By Sara Lynch and Korin Okamura
“[Our] most untapped potential is in the people who we discard. Some of the most impactful, intelligent people I’ve met are behind bars,” Roy Waterman explained to an audience of Penn Law and Social Policy and Practice students and practitioners in a panel discussion on Support and Advocacy for Individuals Returning From Incarceration.
Waterman knows about impact and success. He co-founded and directs the Drive Change Program, a New York non-profit with the mission of using the food truck workplace to run a one-year fellowship for young people returning home from jail or prison. And it is an award-winning business. Yet, Waterman also understands the challenges facing young people entering back into communities from incarceration. At nineteen years old, Waterman was sent to prison for 13 years.
As Waterman would tell you, reentry is not just about connecting people in need with critical resources, it is about our collective advancement as a democratic and humane society. It is about breaking down barriers so that people who were formerly incarcerated can fully realize their potential, pursue their interests and talents, and meaningfully contribute to their communities.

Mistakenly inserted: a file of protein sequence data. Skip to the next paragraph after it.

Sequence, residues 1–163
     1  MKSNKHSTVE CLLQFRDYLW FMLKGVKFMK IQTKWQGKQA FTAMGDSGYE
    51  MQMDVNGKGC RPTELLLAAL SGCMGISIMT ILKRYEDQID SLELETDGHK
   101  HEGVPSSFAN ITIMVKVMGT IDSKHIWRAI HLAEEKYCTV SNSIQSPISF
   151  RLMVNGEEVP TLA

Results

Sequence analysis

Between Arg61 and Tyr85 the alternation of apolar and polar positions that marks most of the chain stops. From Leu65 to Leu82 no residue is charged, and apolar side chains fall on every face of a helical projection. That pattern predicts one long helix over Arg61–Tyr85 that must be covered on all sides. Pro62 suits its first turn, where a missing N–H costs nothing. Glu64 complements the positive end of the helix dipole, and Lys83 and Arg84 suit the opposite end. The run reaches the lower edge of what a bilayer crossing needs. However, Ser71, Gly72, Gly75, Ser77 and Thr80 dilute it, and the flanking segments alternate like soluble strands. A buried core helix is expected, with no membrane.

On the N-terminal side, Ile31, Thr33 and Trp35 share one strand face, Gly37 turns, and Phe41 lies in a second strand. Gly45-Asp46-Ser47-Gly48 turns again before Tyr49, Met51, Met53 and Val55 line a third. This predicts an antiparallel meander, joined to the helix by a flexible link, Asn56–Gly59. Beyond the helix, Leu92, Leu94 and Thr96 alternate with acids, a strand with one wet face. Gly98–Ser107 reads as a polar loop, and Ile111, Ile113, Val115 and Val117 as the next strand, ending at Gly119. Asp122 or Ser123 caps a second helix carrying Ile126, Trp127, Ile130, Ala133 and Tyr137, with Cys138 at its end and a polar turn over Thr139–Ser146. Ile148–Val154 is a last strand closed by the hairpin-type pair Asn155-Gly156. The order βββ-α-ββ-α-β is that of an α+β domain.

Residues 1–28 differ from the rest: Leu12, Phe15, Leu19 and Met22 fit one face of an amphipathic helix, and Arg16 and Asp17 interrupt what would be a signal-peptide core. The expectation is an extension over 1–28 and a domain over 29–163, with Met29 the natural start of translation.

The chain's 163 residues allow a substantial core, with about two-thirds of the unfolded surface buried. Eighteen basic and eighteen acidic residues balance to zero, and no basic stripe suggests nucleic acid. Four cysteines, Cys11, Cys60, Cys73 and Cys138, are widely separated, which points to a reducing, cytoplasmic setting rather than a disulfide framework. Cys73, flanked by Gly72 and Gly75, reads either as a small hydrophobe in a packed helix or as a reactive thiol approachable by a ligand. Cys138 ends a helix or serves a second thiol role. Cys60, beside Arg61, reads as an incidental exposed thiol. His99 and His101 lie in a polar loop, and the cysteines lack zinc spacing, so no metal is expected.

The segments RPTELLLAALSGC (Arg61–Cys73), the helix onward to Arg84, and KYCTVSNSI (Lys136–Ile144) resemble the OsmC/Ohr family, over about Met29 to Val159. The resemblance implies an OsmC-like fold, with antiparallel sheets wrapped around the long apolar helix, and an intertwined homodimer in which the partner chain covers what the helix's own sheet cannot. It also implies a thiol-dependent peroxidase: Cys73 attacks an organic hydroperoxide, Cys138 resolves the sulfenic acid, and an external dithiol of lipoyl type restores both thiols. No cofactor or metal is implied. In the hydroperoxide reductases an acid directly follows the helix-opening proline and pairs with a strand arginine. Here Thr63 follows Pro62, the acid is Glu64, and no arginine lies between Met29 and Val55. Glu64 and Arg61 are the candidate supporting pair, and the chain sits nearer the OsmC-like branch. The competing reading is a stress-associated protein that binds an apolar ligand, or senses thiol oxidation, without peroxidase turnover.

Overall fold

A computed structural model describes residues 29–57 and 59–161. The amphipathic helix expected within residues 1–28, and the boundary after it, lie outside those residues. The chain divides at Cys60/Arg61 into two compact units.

Finding the next best food truck entrepreneurs, directors of nationwide policy campaigns, esteemed public interest law fellows and impact litigators is part of reentry. Indeed, these achievements characterized each of the speakers who shared their experiences and expertise at the Youth Advocacy Project’s (YAP) panel conversation.
On January 16, 2018, Vidhi Sanghavi Joshi moderated this panel discussion, featuring Roy Waterman, Bill Cobb, Tarra Simmons and Shon Hopwood, on the topics of reentry and advocacy for an end to detrimental collateral consequences for individuals who have served their prison sentences, often in harsh and inhumane conditions, and are returning home. Despite variation in strategies to pursue social change, a resounding message was clear: “[a]ny movement must be driven by the people in closest proximity to the problem,” Bill Cobb shared. Cobb, who is now the deputy director of the Campaign For Justice within the ACLU, contended that “[o]ur world has mostly been advanced by those who have suffered. People advocating because their lives depend on it.”
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